The overhead projection
______|_        |
|     | |       |
|     |_|_______|
|       |
|       |

The same ships from a different perspective.
_________ \           |
|        | |          |
|________| |          |

I want this to be a collision because it looks like it would be from a top down perspective. Bounding box collision detection would also not be sufficient in this case. The best I could come up with was rendering and using glReadPixels, but I heard that was unbearably slow.

Like I said, I've since decided to go 2d. I was only doing this in 3d so a friend who has a hard-on for OpenGL would work on this with me, but he bolted. Still, it's an interesting problem.

Thanks for your suggestions.

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Why was this posted as an answer? It doesn't answer the question... it should be an edit of the question. –  bummzack Jul 6 '11 at 6:53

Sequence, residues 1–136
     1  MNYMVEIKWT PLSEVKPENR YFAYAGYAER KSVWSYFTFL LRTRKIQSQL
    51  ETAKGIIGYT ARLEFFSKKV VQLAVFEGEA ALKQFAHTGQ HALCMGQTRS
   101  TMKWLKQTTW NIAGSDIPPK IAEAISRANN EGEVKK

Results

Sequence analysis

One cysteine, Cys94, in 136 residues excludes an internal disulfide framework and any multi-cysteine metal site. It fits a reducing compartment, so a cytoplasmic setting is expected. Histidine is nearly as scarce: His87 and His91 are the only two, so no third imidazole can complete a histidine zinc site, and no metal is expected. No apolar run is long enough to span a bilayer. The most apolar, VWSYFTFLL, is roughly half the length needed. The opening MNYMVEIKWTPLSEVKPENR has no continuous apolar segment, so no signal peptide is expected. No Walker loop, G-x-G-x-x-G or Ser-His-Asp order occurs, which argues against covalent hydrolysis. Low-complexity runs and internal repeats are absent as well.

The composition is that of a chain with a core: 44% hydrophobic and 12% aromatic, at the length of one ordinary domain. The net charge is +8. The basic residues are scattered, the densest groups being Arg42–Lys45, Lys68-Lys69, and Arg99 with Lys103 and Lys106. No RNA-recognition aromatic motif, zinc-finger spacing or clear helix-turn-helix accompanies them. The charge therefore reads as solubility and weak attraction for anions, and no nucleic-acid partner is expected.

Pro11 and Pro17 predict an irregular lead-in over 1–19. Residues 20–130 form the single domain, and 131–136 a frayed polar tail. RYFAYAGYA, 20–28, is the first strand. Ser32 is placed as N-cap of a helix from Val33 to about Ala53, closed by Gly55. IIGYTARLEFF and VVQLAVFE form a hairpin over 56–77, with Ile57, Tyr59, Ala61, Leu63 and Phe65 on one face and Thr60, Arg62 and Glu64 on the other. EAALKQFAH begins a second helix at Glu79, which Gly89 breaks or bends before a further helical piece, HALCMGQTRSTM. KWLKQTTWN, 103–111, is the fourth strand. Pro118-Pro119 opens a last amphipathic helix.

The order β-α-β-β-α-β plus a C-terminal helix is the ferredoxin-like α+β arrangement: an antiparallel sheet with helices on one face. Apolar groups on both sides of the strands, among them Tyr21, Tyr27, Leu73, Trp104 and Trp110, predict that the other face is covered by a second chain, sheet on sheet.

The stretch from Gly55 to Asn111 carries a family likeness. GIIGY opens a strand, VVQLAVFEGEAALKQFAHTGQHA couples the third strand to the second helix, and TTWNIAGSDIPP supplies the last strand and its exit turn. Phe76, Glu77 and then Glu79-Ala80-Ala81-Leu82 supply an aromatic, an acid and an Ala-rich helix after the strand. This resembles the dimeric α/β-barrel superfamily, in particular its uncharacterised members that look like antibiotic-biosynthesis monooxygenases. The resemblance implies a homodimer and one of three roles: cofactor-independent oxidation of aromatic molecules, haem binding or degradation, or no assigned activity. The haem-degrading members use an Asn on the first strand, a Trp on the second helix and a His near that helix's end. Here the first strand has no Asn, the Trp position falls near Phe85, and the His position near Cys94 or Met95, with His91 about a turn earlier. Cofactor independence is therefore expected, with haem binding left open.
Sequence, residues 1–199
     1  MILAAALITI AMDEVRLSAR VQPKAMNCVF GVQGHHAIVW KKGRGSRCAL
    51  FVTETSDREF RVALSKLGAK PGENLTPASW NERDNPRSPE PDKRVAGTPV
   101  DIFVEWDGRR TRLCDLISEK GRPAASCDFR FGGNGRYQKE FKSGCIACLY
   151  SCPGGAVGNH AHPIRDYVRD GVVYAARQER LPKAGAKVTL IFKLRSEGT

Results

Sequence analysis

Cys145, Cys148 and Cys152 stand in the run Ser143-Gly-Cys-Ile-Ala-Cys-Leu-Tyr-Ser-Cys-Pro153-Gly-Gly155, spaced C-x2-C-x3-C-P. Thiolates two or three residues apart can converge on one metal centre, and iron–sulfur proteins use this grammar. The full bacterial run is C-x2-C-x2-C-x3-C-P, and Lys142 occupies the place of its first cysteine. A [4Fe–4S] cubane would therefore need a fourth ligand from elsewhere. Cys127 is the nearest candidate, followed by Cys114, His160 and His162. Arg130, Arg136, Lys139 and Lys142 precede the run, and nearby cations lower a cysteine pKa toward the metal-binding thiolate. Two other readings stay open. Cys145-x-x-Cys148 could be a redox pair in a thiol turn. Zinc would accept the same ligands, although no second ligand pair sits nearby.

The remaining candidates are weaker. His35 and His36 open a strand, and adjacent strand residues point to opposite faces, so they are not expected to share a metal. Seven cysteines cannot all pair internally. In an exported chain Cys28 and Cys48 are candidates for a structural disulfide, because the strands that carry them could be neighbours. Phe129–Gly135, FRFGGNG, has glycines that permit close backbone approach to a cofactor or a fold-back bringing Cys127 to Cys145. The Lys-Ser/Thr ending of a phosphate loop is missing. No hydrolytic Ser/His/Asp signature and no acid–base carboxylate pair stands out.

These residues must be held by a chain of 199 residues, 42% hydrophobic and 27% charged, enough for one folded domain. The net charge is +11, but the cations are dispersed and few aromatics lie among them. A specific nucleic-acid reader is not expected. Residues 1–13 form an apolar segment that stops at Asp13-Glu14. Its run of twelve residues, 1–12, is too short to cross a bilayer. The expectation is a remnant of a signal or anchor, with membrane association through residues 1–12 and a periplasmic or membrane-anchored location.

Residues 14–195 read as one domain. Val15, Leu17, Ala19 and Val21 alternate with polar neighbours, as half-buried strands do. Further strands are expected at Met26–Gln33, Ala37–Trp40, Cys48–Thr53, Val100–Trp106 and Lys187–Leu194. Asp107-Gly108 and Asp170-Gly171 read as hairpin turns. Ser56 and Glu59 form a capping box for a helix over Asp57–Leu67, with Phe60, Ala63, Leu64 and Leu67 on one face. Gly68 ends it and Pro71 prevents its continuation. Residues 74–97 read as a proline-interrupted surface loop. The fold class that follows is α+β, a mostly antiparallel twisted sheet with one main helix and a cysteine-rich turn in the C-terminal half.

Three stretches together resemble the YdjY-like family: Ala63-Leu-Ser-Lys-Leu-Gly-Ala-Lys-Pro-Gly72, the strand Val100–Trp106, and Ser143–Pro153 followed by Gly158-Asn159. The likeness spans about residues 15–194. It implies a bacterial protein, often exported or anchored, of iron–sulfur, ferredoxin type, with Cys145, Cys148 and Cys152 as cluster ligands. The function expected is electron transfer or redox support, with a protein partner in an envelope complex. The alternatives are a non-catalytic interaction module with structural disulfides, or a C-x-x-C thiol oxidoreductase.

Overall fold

@bummzack The user is unregistered, and due to circumstances he has two separate accounts. So he is unable to edit his answer. –  Noctrine Jul 7 '11 at 18:18
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Well, you went with 2D eventually so this is purely theoretical at this point :) This is how I'd go about, as you put it, getting rid of one dimension :)

First, you need to project 3d mesh onto a 2d plane. I see two ways of doing that:

  • if your projection is exactly aligned with either angle you just ignore that coordinate

  • if it's not you can set up a projection matrix and use it to 'project to screen', ignoring the depth coordinate (this of course would work for the above case as well)

Then, you'd need to build a shape outline while going through all the faces. Working with faces allows you to have a concave outline by constructing a CSG sum of all projected triangles (this would be slow but then you'd be doing that on startu or it can even be preprocessed offline). If a convex outline would be OK then you need to build a convex hull. Last, optional step, would be to simplify the silhouette to make the collision detection faster.

Once you have your outline it's a simple matter of seeing if any of the edges intersect or one object is contained within the other.